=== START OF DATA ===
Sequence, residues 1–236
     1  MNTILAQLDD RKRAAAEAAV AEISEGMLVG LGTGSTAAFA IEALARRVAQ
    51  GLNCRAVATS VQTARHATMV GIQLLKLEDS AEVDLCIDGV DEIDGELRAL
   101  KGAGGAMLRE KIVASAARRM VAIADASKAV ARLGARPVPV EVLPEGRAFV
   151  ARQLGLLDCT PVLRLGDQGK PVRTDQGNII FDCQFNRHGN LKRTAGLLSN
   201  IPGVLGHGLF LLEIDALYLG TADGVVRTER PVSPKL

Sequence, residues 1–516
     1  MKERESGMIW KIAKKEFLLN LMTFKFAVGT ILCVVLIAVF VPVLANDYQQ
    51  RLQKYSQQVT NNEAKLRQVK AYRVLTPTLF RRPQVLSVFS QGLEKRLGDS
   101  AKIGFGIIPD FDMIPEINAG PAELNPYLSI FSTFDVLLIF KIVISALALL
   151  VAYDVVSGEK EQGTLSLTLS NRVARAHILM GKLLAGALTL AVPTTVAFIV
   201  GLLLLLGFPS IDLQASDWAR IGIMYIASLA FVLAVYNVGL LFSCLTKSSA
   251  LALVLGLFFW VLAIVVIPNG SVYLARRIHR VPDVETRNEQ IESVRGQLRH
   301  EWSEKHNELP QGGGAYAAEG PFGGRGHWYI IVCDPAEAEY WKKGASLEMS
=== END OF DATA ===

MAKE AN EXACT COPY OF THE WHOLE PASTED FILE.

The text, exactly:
Sequence, residues 1–236
     1  MNTILAQLDD RKRAAAEAAV AEISEGMLVG LGTGSTAAFA IEALARRVAQ
    51  GLNCRAVATS VQTARHATMV GIQLLKLEDS AEVDLCIDGV DEIDGELRAL
   101  KGAGGAMLRE KIVASAARRM VAIADASKAV ARLGARPVPV EVLPEGRAFV
   151  ARQLGLLDCT PVLRLGDQGK PVRTDQGNII FDCQFNRHGN LKRTAGLLSN
   201  IPGVLGHGLF LLEIDALYLG TADGVVRTER PVSPKL

Sequence, residues 1–516
     1  MKERESGMIW KIAKKEFLLN LMTFKFAVGT ILCVVLIAVF VPVLANDYQQ
    51  RLQKYSQQVT NNEAKLRQVK AYRVLTPTLF RRPQVLSVFS QGLEKRLGDS
   101  AKIGFGIIPD FDMIPEINAG PAELNPYLSI FSTFDVLLIF KIVISALALL
   151  VAYDVVSGEK EQGTLSLTLS NRVARAHILM GKLLAGALTL AVPTTVAFIV
   201  GLLLLLGFPS IDLQASDWAR IGIMYIASLA FVLAVYNVGL LFSCLTKSSA
   251  LALVLGLFFW VLAIVVIPNG SVYLARRIHR VPDVETRNEQ IESVRGQLRH
   301  EWSEKHNELP QGGGAYAAEG PFGGRGHWYI IVCDPAEAEY WKKGASLEMS